Yes, Montreal is a big underdog to get past DC and Toronto, but they know it’s possible: they’ve beaten both teams this year. If they did it again, they’d be playing at home for Championship Weekend. Royal fans would probably show up in even greater numbers for the final four should their team qualify than over 3,000 Radicals fans did last year in Madison.

The most buzzed about offseason additions for Montreal were probably Christian Foster and Ben Katz, but the best players for the Royal came over from France. Steve Bonneau, Quentin Bonnaud, and Nasser Mbae Vogel have all had fantastic seasons for Montreal. Royal veterans like Kevin Quinlan, Kevin Groulx, and Antoine Genest have all had strong seasons as well without having to carry as heavy a load as they have in the past. An offense that was once predictable is more dynamic. A defense that was usually outmatched athletically is much improved.

Much like Jacksonville, though, it is very difficult to see Montreal winning in both DC and Toronto in the same weekend. If the Royal manage to get those two wins, maybe the magic would follow them back home.

Minnesota Wind Chill (25-1)

The Wind Chill started the season 8-0. Even after their one point overtime loss at home to Madison, there was a lot of cause for optimism. Since the calendar turned to July, though, Minnesota just hasn’t looked as good. A 21-13 loss in Madison. Losing on the road to Pittsburgh. A one point win in Indianapolis. The Wind Chill ended the season with a win at home against the Thunderbirds, but both teams played awful.

The AUDL season is long. The Wind Chill had essentially already wrapped up a playoff spot after their 8-0 start. Maybe they’re able to take their game to the next level now that the playoffs are here. Minnesota has never won a game in Madison, but if the Wind Chill play their best and the Radicals don’t, Minnesota could walk away with a victory. A trip to Montreal, regardless of the outcome once they get there, would mean a lot for this team in its efforts to join the AUDL elite.

San Jose Spiders (25-1)

The Spiders are another team limping into the playoffs. They’re on a three game losing streak and have lost five of their last seven. They dropped to third in the west. The good news is their first round game against Los Angeles will still take place in the Bay Area due to the scheduling needs of each team. San Jose lost this past weekend in LA, but it was just by one point after having played the night before in San Diego.

If the Spiders do get past the Aviators, they’d face a familiar foe in San Francisco. They split the season series with the FlameThrowers. San Jose won the most recent game 29-26, even with Ashlin Joye suiting up for San Francisco.

Tyler Grant has done a great job coaching this team. If the Spiders get to play San Francisco, they will not be intimidated. Justin Norden and Chuck Cao have ably demonstrated how to carve up the San Francisco defense and the San Jose defense has been surprisingly resilient against the FlameThrowers. While the Spiders are slight favorites against Los Angeles, they remain big underdogs against San Francisco. As far as potentially getting wins in Montreal, let’s not get ahead of ourselves.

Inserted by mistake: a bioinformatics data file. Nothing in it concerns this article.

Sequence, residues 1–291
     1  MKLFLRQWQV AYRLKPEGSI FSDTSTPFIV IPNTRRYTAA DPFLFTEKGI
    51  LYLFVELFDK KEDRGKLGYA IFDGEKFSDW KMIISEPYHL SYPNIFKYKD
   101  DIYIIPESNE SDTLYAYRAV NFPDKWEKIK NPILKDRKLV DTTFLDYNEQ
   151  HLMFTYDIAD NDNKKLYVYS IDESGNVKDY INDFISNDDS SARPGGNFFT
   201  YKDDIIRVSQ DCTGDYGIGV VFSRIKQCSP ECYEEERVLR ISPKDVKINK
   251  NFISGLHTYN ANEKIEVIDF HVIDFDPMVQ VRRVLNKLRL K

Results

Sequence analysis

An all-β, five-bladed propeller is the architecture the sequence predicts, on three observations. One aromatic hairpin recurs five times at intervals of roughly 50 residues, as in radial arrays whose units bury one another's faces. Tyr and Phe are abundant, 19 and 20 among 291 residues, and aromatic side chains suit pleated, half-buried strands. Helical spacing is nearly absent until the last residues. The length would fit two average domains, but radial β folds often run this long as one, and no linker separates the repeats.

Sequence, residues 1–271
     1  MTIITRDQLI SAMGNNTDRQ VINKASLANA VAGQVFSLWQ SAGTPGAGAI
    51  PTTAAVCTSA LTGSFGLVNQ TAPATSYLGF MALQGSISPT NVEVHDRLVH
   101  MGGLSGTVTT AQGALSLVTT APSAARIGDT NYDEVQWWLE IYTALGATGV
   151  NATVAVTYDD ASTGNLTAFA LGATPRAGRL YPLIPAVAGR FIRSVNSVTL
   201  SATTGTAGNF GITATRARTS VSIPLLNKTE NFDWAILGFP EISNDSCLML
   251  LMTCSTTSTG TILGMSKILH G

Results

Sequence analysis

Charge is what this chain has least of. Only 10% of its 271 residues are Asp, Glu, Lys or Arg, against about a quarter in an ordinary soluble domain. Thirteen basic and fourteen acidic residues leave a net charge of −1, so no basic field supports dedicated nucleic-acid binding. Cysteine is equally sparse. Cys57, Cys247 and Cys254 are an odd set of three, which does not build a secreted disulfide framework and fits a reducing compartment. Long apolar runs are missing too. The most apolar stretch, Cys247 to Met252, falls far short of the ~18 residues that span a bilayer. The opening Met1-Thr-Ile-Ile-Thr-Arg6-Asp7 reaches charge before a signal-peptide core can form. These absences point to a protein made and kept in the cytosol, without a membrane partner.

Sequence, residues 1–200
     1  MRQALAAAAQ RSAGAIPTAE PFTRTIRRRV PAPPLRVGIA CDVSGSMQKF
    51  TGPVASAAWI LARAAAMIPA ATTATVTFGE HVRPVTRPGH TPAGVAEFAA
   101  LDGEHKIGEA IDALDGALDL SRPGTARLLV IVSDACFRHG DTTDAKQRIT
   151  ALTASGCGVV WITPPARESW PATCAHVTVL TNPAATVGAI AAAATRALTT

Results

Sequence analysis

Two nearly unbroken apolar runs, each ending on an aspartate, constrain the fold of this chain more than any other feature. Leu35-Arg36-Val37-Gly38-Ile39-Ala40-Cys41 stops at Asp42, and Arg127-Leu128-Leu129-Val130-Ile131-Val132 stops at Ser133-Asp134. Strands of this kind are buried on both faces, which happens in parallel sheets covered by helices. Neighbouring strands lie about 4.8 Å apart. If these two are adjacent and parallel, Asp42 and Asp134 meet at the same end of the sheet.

Los Angeles Aviators (30-1)

The Aviators closed the last six games of the season going 5-1. After Mark Elbogen went down with a season ending injury, it was fair to question whether something like that was even possible. But the Aviators have delivered. Tim Beatty and Eli Friedman make one of the best O-line handling duos in the league. They’re efficient throwers that aren’t conservative with the disc, either. Tom Doi has been a valuable addition to the offense since Elbogen’s injury.

The Aviators have the high flying offense. They’ve got the momentum. What’s not to like? Well, we’ve seen this movie before. Last year Los Angeles entered the playoffs on a six game winning streak. They were playing at home in the playoffs against Seattle and were blown out 31-23. This year, they have to go on the road for the playoffs. They haven’t defeated San Francisco yet this year. No team has ever swept a two game Bay Area road trip in AUDL history. So just getting to Championship Weekend is a lot to ask.

Pittsburgh Thunderbirds (40-1)

The Thunderbirds face the longest odds to win the championship of the remaining teams, but they could surprise us, at least a little bit. They’re on the road to start the playoffs, facing off against a team they just lost to by six points. But that home playoff game for the Wind Chill takes place the Friday night of the US Open, where Sub Zero and Drag’n Thrust will both be competing. If Pittsburgh brings a full roster, the Thunderbirds might not even be underdogs.

The story for the Pittsburgh Thunderbirds often begins and ends with Tyler Degirolamo. In games that he has played at least three points, Pittsburgh is 14-1 across their franchise history, with an average goal differential of +8. Without him, they are 19-12 with an average goal differential of +2.2.

The Thunderbirds have looked their best this season with Degirolamo on the field when he has been a component of the offense rather than its single driving force. Despite a lackluster regular season, Pittsburgh has a good chance to get to the Midwest championship game for the third year in a row. They’ve never won a game in Madison, so going further than that seems very unlikely.